"[The] stories range from heart-breaking to hilarious."
- Maine Magazine
What would happen if we let our kids have the kind of childhood we enjoyed?
Sarah Smiley’s first eight years of motherhood can be summed up like this: She drove little people through stop-and-go traffic, from one end of a busy city to another, for planned activities and sports.
She and her family were living in Florida, where Smiley says her children were “imprisoned” by society’s ideas about what makes a good mother and how many things in the world could harm them.
Then one day, the Smileys moved to Maine.
Life in Maine
Maine is filled with miles of lakes and forests that refuse to contain its
children. It simply cannot. And soon the Smileys discovered that the “way things used to be” can still be “the way things are” for today’s children.
GOT HERE AS SOON AS I COULD is filled with newspaper columns Smiley wrote during her first seven years in Maine. Within these short stories, readers will see glimpses of their own childhood and what they’ve always dreamed of for their children.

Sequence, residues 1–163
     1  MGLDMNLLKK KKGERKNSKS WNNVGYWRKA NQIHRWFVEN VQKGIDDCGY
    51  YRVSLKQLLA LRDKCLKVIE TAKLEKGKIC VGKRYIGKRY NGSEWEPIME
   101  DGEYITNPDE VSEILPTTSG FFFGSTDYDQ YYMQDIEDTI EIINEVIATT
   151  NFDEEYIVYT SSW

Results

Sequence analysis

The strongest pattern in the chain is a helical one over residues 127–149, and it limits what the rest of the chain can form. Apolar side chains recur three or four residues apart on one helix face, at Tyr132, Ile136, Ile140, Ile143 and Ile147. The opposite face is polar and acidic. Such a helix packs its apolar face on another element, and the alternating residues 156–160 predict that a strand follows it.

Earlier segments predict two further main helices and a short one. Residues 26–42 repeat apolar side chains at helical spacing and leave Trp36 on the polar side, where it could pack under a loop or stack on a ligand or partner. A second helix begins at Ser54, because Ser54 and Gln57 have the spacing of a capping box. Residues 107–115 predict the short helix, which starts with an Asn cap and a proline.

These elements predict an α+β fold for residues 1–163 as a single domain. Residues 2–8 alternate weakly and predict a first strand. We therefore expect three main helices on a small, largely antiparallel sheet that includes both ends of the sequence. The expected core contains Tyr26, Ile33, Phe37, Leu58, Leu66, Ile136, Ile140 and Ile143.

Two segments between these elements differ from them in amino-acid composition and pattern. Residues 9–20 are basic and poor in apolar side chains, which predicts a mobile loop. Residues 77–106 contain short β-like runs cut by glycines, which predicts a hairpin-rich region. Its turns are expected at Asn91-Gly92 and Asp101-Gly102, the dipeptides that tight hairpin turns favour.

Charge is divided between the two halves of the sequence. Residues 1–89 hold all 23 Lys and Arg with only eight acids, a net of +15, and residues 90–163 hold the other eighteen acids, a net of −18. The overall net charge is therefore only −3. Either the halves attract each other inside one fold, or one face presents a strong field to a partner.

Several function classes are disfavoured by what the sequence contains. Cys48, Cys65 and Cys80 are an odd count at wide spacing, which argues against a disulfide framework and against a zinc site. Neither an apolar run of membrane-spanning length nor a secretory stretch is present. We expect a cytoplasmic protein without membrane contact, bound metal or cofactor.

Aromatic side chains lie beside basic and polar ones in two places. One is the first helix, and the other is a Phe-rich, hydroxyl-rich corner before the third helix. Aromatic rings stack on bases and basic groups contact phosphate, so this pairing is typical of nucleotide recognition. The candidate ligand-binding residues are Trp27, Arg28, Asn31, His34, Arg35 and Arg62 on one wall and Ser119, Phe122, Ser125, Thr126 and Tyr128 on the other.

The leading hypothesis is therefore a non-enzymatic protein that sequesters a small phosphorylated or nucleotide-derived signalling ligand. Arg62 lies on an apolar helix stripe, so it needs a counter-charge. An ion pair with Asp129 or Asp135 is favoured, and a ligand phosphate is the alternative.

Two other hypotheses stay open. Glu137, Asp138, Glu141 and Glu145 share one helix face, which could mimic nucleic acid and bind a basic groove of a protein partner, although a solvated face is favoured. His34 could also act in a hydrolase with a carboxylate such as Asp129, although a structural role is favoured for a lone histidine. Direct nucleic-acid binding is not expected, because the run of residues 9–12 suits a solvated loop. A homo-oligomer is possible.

But wait! Readers outside of Maine should not despair.
A simpler childhood
It’s true that Maine’s environment makes over-parenting difficult, but at one point in our history, neighborhoods all over our country operated like Maine’s do—with sidewalks, parks, and parents who are willing to let go and trust.
There is a reason Maine is Vacationland and why thousands of families send their children to camps here in the summer. However, Maine’s ethos needn’t only be a respite from the world’s fast pace and privacy-fence jungle. Maine’s ethos used to be America’s, too. And it can be again